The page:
Luke Walton's regime is going to invite constant Warriors comparisons. And while that's not fair (and frankly, delusional), we do need to pay attention to how a small-ball approach could boost Randle's fantasy value.
Double-doubles are a given. But Randle needs to develop production in one or two of the other volume categories to warrant more than a late-round pick. Walton's system should help speed that development.
Steals and blocked shots are the two obvious areas of potential improvement. But don't sleep on Randle's assists potential. He averaged 1.6 per year in a Kobe vacuum. That amount of dimes for a 4 in that remote-usage outpost underscores potential.
You're going to hear Lakers exceptionalists start comping Draymond Green. Let's not get carried away. But Randle could chip in two to three assists per night, a nice commodity for a post player.
Tom Thibodeau is known as a fantasy killjoy. He's the kind of guy who preaches and emphasizes the qualities (defense, intangibles, winning) that deflate fantasy value.
Thibodeau's arrival into a lot of NBA situations would be a cause for fantasy depression. Not so when it comes to the Timberwolves. A team screaming with young upside needs a taskmaster. And no player needs Thibodeau more than Wiggins.
Karl-Anthony Towns has already arrived. Heck, he arrived before Veterans Day 2015. But despite his 20 PPG average, Wiggins has yet to truly arrive. For all his physical gifts, Wiggins has lacked for intensity -- the very quality Thibodeau backs up by the truckload.
For Wiggins to take the next step -- in fantasy and reality -- he has to become a more reliable 3-point shooter. The midrange development is nice, but it doesn't really help us, outside of some extra volume in the points department. If Thibodeau can help Wiggins get to one 3-pointer per game, that will be huge for Wiggins' fantasy potential.
Beyond that, I'm anticipating a boost in the hustle numbers -- specifically, rebounds. If Wiggins can crack 4.0 rebounds, his steals and blocks will climb accordingly.
Scott Brooks excels at player development, which makes him an ideal match for the underrated, somewhat understated Porter.
Porter is sort of a Wiggins lite. Unlike Wiggins, Porter already excels in multiple categories. He just lacks the aggression and volume required to take him into the Player Rater top 50. There's another level here waiting to surface.
Brooks seems to be using the fast-rising specter of Kelly Oubre Jr. to prod Porter. Hopefully, it's just a prod and not a looming timeshare.
How does Frank Vogel deploy Gordon and his cornucopia of multicategorical upside? Early returns point toward Gordon being used more on the wing. The idea of Gordon playing alongside Serge Ibaka sparks all kinds of fantasy-forward projecting.
Gordon quietly displayed his across-the-board potential after All-Star Weekend 2016. He didn't quite produce the dazzle of a Kristaps Porzingis, but overall, he was in that neighborhood (and more efficient), closing out with April averages of 14 points, 7.0 repounds, 2.5 assists, 1.0 steals, 0.8 blocks and 0.8 3-pointers.
In Indiana, Vogel was instrumental in getting the most out of Paul George. Gordon has George-type upside. He just needs more playing time. Whether or not Gordon gets the minutes required to develop a genuine breakout is up to his new coach.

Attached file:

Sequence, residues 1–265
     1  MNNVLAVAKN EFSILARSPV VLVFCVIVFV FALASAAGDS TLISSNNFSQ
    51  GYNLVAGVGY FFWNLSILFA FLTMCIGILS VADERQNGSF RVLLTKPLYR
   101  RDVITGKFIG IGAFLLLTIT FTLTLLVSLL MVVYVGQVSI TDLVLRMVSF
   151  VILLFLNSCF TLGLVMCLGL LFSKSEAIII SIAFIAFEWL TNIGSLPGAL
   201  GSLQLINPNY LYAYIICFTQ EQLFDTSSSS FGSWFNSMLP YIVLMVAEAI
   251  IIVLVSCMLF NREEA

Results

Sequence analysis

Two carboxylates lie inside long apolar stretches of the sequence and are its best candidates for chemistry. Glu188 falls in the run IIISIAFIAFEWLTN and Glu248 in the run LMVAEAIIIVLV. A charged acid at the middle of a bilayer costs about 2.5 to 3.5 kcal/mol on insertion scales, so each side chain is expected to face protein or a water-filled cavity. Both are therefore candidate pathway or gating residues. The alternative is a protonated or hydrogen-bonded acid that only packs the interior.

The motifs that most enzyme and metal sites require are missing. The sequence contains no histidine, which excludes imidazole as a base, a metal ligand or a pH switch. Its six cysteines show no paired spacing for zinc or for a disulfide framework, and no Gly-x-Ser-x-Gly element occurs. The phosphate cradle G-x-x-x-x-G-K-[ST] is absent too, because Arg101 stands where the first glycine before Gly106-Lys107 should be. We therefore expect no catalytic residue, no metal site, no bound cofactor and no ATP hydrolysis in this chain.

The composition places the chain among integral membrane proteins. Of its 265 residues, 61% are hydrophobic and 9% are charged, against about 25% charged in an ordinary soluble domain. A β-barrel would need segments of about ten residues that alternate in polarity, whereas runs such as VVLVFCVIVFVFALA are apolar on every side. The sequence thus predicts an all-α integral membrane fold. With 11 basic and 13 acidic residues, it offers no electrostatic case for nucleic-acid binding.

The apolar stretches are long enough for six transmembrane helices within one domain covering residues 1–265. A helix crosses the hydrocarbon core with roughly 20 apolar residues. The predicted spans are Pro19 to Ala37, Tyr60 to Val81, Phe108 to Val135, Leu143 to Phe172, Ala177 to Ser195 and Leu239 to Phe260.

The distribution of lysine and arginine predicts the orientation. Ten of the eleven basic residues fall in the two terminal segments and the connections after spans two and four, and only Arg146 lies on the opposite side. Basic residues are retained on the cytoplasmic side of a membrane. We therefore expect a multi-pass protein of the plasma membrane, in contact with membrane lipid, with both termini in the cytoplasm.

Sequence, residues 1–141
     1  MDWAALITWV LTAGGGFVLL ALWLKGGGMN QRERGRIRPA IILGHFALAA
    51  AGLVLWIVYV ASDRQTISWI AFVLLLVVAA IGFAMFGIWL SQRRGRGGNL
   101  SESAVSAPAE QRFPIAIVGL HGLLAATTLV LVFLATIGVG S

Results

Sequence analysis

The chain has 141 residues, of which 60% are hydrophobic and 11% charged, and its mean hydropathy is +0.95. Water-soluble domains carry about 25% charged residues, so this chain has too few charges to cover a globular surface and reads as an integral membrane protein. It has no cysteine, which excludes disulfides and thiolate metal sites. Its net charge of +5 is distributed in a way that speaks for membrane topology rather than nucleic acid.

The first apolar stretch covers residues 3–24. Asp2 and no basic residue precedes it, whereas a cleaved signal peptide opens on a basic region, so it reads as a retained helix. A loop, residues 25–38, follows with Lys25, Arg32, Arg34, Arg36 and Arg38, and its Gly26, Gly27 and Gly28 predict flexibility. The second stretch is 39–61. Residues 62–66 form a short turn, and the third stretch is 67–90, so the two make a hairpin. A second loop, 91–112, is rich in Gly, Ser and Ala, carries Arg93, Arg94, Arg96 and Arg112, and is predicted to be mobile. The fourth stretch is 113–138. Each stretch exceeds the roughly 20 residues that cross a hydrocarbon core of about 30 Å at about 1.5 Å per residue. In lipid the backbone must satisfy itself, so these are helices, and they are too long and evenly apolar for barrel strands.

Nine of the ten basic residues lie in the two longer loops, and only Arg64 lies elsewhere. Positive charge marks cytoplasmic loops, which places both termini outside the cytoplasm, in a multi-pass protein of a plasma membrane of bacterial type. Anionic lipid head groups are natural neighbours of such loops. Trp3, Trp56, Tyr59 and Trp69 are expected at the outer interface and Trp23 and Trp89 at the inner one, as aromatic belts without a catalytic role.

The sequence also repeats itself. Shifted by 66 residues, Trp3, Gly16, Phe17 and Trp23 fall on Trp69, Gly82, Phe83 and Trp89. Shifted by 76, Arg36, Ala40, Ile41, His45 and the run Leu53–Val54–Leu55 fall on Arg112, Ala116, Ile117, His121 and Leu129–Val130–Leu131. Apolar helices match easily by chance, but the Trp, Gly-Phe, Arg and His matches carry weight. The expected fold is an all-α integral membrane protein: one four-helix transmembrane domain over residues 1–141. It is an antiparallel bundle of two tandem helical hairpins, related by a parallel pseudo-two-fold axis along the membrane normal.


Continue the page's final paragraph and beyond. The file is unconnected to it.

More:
New Kings coach Dave Joerger was fired in Memphis. It wasn't very fair, given Joerger's Herculean efforts in holding together a winning season in the face of multiple season-ending injuries.
His reward? To hold it together as the new face of one of the NBA's most dysfunctional teams. Last season, the Kings employed the eminently combustible Rajon Rondo at the point. Rondo delivered a comeback season, then he decamped for the new-look, somewhat-older Chicago Bulls.
The new coach should help smooth things out for Collison, who essayed a fine 2014-15 fantasy season (16.1 points, 5.6 assists, 1.2 3-pointeres) before losing his starting gig to Rondo. Collison has had problems of his own this preseason and will miss the first eight games. But once he returns, Joerger should be able to pilot Collison (and his high efficiency) into the top 50 (maybe top 40) overall.
In the past, Lee has held decent fantasy value over stretches of seasons. But he has never quite broken through to the point where he would represent more than bench filler. He has been the guy that gets you 1 to 1.5 3-pointers and steals with decent percentages.
But I have a feeling Lee could up his production under Jeff Hornacek. He's in line to start and doesn't have a lot of competition at shooting guard. Hornacek's system is very fantasy friendly. (Just look at some of Phoenix's past fantasy numbers.)
Lee isn't a sexy tout. He's not a hot take. But he's not going to disappoint you in the 12th round. And he might just have a career year.
Ellis posted an injury-marred, underwhelming 2015-16. Entering his age 31 season, the formerly high-volume Ellis looks to be trending down.
But Ellis is going very, very late in drafts. Nate McMillan is the kind of veteran coach Ellis should respond to. And contrary to McMillan's track record, Indiana promises to up its pace.
I'm trying really, really hard here to avoid ending this column with a pun. I'll just inform you that Ellis historically excels in up-tempo situations and is motivated and leave it at that.